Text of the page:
Wednesday, August 20, 2014

Experimental Testing of the Rawlsian Difference Principle

I have often argued on this blog that political philosophy is ultimately an empirical science that makes falsifiable claims about human nature and human history.  In arguing for Darwinian natural right, I am making falsifiable claims about Darwinian moral psychology that can be tested.

One can see this empirical falsifiability of political philosophy in John Rawls's Theory of Justice.  He makes a general claim that our capacity for justice requires a natural sense of justice or moral nature, which is comparable to what Noam Chomsky has identified in linguistics as the instinctive universal grammar that makes the acquisition of language possible (46-53).  He also makes a specific claim that under the conditions of the "original position" that are designed to ensure impartiality, human beings would unanimously choose certain principles of justice, including the "difference principle" that social and economic inequalities are justified only when they maximize the benefits for those who are worst off (60, 302). 

There is, I believe, some empirical evidence supporting Rawls's general claim for an evolved innate moral grammar or moral sense.  I will write about that in my next post.  His specific claim for the difference principle, however, has been empirically falsified.

Although it is impossible to replicate Rawls's original position completely, and thus it must remain a hypothetical thought experiment, it is possible to devise experimental conditions that approximate the original position.  Norman Frohlich, Joe Oppenheimer, and others have organized behavioral experiments in which people are put in conditions that approximate the procedures of the original condition.  Participants come together in small groups, and in choosing from a list of principles of justice for allocating resources in their group, they must reach unanimous agreement on their choice, without the participants knowing what their class position will be in that society.  They are then randomly assigned to high or low social positions, and they receive monetary payoffs based on the principle they have chosen.  Experiments of this sort have been conducted with university students in the United States, Canada, the Philippines, Japan, and communist Poland.

Remarkably, the outcome is uniform across all of these cultures.  Rawls's difference principle is almost never chosen.  By far the most common choice (in over three-fourths of the cases) is a floor constraint without a ceiling--that is, there is a minimum income guaranteed for the worst off, but there is no limit on the income that can be earned by the richest.  The next most common choice (in about 12% of the cases) is the principle of maximum income (no floor, no ceiling).  The third most common choice (in about 8% of the cases) is the principle of a range constraint--there could be economic inequality, but the gap between the richest and the poorest would be limited.  The difference principle--that no person's income can go up unless it increases the income of the people at the bottom--was chosen in only 1% of the cases, and they were all in communist Poland.

When participants are asked to explain their choices, they indicate that are trying to balance three distinct ethical claims--need, just deserts, and efficiency.  They think it's fair that those who are least well-off should have their minimal needs secured.  But they also think that those who earn higher incomes deserve this reward.  And they think that higher incomes for those who succeed is economically efficient in providing incentives for productivity that benefits everyone.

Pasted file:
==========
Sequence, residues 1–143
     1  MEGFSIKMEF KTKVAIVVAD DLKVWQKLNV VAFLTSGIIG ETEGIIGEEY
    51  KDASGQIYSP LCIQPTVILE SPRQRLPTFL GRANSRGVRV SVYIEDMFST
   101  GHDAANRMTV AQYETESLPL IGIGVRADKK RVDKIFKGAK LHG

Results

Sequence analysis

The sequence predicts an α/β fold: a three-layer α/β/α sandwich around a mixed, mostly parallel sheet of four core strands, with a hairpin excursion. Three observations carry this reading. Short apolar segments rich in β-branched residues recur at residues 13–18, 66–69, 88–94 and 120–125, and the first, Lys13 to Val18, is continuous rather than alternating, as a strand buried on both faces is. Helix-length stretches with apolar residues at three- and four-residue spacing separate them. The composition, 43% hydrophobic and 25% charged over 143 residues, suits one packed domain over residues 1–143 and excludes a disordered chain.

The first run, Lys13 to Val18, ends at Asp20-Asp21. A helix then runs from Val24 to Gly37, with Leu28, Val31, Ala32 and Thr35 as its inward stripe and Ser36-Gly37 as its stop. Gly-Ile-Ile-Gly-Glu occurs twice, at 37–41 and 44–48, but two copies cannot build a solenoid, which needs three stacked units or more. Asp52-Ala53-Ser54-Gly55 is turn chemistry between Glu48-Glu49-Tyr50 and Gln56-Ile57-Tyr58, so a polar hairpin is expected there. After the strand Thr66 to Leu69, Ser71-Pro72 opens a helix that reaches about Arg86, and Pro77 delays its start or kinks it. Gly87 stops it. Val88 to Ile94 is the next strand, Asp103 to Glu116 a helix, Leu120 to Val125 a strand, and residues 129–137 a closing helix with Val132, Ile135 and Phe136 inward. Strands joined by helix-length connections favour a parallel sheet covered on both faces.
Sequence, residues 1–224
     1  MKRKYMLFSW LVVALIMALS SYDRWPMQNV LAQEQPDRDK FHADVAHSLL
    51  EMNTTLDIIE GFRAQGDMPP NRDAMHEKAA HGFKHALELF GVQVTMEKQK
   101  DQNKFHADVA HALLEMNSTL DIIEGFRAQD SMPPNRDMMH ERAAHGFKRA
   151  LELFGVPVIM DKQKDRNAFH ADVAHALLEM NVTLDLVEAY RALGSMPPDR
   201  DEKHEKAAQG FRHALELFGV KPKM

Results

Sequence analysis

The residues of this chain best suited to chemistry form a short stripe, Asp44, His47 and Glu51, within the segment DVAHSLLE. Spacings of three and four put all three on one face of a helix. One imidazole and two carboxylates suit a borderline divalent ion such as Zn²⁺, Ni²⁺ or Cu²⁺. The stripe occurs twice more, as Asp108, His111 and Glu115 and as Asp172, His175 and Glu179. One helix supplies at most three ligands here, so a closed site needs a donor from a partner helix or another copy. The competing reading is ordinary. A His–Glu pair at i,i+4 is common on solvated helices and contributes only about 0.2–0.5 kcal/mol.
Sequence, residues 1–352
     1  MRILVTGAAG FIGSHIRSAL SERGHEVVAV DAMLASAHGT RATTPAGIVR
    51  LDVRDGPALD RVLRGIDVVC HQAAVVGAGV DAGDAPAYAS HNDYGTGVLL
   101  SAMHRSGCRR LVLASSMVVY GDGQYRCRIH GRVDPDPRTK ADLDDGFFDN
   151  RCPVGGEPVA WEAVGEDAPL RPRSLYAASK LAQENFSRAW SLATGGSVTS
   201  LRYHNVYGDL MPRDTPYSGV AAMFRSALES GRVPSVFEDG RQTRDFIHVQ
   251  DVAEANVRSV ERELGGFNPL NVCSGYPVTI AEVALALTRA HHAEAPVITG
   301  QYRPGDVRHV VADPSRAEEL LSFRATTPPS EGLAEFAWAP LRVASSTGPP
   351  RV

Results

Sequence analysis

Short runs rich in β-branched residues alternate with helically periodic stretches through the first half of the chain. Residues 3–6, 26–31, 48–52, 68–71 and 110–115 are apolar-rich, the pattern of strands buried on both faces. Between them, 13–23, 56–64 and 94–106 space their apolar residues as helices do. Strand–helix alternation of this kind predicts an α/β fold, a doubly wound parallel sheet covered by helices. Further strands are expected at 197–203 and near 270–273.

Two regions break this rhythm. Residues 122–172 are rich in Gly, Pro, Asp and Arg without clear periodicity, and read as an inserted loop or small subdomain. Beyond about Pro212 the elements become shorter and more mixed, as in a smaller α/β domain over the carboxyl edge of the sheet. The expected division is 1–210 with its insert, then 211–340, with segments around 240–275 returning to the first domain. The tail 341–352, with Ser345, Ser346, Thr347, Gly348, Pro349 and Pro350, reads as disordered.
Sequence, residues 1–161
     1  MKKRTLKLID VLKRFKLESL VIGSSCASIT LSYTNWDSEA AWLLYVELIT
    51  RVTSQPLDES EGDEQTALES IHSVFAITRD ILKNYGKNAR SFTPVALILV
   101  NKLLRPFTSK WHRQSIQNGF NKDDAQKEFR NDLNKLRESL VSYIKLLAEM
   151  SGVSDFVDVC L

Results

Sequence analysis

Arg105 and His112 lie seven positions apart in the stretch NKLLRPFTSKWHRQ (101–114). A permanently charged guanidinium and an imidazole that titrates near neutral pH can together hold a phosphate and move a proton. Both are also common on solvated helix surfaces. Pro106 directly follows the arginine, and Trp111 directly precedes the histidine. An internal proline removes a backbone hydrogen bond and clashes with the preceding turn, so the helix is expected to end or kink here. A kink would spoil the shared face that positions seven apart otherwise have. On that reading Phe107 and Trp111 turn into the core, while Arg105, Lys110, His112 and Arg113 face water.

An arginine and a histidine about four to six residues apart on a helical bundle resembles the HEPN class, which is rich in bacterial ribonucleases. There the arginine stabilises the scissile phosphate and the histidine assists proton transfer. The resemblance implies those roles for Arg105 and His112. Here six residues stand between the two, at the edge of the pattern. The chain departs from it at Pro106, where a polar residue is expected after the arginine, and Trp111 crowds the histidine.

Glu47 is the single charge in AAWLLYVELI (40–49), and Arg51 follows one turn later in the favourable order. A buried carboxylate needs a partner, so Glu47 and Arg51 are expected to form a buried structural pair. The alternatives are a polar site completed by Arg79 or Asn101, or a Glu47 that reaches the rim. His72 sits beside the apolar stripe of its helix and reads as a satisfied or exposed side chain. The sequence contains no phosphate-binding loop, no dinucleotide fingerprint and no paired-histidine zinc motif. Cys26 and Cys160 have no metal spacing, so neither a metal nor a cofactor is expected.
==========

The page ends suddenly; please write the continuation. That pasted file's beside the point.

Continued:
The most commonly chosen principle--floor constraint without a ceiling--looks a lot like what Friedrich von Hayek proposes in Part Three of The Constitution of Liberty: a largely free market economy combined with a welfare state that provides a minimal standard of security for all.

This seems to weaken Thomas Piketty's appeal to the Rawlsian difference principle as justifying confiscatory tax rates on high incomes and wealth for the sake of reducing inequality.

Remarkably, towards the end of his life, Rawls conceded what Frohlich and Oppenheimer had revealed in their experiments--that in circumstances of impartiality approximating the Rawlsian original condition, reasonable people would not all choose the difference principle but would rather choose the principle of a floor constraint without a ceiling.  In 1995, in his introduction to the paperback edition of Political Liberalism, Rawls admitted that while he still thought that "justice as fairness"--with its two principles of justice, including the difference principle--was the most reasonable conception of liberalism, there were other reasonable conceptions of liberal justice, including, for example, "one that substitutes for the difference principle, a principle to improve social well-being subject to a constraint guaranteeing for everyone a sufficient level of adequate all-purpose means" (xlvii).


Frohlich, Norman, Joe A. Oppenheimer, and Cheryl Eavey, "Laboratory Results on Rawls's Distributive Justice," British Journal of Political Science 7 (1987): 1-21.

Frohlich, Norman, and Joe A. Oppenheimer, Choosing Justice: An Experimental Approach to Ethical Theory (Berkeley: University of California Press, 1992).

Lissowski, Grzegorz, Tadeusz Tyszka, and Wlodzimierz Okrasa, "Principles of Distributive Justice Experiements in Poland and America," Journal of Conflict Resolution 35 (1991): 98-119.

Rawls, John, Political Liberalism, expanded edition (New York: Columbia University Press, 2005).

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